Google Bans Advertising on Unproven Medical Treatments (like Stem Cells)

Closing out the first week of September, Google said it will no longer allow the posting of ads for “unproven or experimental medical techniques.”  This includes, mostly, advertising that discusses or describes stem cell therapy, cellular therapy, and gene therapy.  The Mountain View, CA-based technology giant said that this complex decision comes as a means to quell a “rise in bad actors” who try to take advantage of vulnerable people by offering “untested, deceptive treatments.”

In a recent blog post, Google said, “These treatments can lead to dangerous health outcomes and we feel they have no place on our platforms,” specifically ads for medical treatments with “no established biomedical or scientific basis.”

If this seems arbitrary to you then you may not have seen any of the onslaught of new ads from stem cell clinics across the United States looking to sell unapproved therapies which, they claim, can treat a wide range of ailments. This might include everything from arthritis to Alzheimer’s disease, from macular degeneration to multiple sclerosis.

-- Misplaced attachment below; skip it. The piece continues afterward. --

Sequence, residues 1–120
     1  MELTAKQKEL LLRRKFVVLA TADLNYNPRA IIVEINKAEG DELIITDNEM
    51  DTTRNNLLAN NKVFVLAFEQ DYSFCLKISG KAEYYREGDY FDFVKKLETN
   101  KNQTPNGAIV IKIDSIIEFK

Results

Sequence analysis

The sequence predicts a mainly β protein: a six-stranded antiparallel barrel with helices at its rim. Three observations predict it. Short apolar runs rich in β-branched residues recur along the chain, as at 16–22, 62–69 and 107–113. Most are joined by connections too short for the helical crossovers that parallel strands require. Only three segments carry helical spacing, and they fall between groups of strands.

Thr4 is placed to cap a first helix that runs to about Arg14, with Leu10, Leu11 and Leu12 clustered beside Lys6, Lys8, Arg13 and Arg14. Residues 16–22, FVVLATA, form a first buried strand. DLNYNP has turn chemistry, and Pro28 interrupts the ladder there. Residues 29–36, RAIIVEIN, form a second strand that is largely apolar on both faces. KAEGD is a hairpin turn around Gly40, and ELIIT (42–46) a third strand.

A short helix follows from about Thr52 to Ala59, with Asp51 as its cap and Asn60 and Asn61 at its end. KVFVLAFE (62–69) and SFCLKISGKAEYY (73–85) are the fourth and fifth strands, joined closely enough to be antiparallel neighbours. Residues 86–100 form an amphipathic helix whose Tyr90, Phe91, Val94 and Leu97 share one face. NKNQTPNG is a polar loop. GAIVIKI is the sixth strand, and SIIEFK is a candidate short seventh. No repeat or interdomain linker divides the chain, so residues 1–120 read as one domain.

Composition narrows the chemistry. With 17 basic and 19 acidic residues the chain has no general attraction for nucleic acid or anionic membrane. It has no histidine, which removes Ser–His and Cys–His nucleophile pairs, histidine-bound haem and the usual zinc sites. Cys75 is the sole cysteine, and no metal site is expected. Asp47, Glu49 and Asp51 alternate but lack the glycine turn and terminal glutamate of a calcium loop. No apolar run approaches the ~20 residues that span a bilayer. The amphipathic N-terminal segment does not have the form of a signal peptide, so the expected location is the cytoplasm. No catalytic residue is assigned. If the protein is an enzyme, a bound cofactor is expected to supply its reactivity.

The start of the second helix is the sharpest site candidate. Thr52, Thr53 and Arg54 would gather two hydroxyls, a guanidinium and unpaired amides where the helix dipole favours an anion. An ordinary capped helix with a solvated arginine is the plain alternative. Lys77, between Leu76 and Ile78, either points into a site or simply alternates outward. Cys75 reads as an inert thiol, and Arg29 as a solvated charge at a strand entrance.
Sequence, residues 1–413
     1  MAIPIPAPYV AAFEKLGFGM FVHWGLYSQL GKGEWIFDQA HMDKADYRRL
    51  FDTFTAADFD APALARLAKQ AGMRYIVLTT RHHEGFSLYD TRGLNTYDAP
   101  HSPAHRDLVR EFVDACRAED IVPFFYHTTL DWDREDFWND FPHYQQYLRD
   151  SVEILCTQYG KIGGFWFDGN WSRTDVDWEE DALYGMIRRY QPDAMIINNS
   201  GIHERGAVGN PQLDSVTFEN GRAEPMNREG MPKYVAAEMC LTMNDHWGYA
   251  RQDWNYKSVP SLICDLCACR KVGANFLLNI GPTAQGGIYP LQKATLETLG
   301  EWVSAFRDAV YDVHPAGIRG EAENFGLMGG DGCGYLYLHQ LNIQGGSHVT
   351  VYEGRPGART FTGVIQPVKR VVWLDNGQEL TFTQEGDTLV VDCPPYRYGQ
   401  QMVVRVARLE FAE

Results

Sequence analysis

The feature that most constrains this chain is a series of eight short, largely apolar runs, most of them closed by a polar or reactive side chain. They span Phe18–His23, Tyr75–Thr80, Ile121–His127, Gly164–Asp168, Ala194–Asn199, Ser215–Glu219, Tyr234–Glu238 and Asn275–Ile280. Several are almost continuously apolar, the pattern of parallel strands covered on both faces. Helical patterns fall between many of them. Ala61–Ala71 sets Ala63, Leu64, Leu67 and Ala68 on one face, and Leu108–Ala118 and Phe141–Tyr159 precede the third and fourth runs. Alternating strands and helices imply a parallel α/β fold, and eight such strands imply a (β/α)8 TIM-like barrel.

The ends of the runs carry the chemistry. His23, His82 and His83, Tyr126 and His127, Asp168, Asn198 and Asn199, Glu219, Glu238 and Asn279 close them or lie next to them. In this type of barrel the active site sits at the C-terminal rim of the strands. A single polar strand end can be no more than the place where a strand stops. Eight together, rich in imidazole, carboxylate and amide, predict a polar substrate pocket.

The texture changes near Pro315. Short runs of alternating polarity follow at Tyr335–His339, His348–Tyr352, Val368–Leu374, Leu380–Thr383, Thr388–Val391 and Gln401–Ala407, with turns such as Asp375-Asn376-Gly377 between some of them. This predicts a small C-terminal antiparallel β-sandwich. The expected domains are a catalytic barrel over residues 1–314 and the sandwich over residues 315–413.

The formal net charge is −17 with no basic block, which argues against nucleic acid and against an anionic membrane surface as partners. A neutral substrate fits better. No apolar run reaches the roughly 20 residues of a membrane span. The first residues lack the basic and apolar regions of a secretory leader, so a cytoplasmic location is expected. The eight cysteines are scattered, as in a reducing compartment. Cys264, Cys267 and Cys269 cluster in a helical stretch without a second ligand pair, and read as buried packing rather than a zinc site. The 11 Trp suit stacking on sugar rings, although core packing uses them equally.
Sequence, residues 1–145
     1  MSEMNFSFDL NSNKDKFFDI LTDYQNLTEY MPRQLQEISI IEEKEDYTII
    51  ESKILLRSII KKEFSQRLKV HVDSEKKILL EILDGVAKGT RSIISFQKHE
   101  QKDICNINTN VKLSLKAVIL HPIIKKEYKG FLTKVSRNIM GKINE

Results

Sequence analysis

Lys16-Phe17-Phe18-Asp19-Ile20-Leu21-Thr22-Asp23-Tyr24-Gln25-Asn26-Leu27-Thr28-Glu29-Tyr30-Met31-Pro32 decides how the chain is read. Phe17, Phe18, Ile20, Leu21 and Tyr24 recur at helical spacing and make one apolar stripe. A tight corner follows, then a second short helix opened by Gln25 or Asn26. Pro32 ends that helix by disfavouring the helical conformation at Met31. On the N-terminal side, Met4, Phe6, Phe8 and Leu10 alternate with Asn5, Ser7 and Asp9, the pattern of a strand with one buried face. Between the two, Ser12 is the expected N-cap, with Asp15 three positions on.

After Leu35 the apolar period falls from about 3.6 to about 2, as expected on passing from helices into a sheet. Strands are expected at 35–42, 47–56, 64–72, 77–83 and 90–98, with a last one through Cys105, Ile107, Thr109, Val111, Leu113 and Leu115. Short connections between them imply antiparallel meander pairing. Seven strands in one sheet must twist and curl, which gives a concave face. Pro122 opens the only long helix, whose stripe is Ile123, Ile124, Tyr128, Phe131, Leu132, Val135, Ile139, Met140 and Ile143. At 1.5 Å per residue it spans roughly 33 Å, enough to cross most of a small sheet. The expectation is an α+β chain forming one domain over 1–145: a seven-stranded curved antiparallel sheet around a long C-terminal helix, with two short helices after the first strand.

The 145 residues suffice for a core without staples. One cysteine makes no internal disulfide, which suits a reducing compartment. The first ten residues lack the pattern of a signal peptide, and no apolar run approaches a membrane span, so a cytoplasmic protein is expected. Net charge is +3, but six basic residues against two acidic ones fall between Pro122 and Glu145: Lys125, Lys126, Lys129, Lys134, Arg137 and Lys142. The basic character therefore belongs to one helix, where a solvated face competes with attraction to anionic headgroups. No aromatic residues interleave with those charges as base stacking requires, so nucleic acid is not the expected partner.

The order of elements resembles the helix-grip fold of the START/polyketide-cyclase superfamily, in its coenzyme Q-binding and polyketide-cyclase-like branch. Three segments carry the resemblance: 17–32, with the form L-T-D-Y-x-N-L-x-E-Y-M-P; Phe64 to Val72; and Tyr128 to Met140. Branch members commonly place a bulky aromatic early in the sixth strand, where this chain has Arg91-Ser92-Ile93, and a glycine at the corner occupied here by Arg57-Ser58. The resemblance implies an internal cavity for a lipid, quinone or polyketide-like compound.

And if you have not seen any of this type of advertising, you might want to be prepared to start.  Stem cell clinics have been growing quickly as an emerging direct-to-consumer industry. And their growth may be largely due to the excitement generated by advertising the vast number of conditions that stem cells can supposedly treat.  As a matter of fact, scientists and medical associations alike have commented that these unsupported claims make stem cell therapy like a modern snake oil that specifically aims to prey on seriously ill—and terribly vulnerable—patients.  

While stem cell research has certainly had its breakthroughs, claiming that it can treat such a broad canvas of ailments is dangerous. Unfortunately, some stem cell treatments have already resulted in serious injury in some patients. Specifically, at least five women have reported going blind after a stem cell clinic injected their product directly into their eyes.  

At the same time, some stem-cell industry representatives are criticizing Google’s new ad policy. The argument is that this ban unfairly discriminates against “good” companies because there is no determination as to which companies actually provide a safe, FDA-verified procedure.  Of course, Google should not have be a regulator in this industry, so the ban is more of an attempt to avoid any involvement with the potential risks. 

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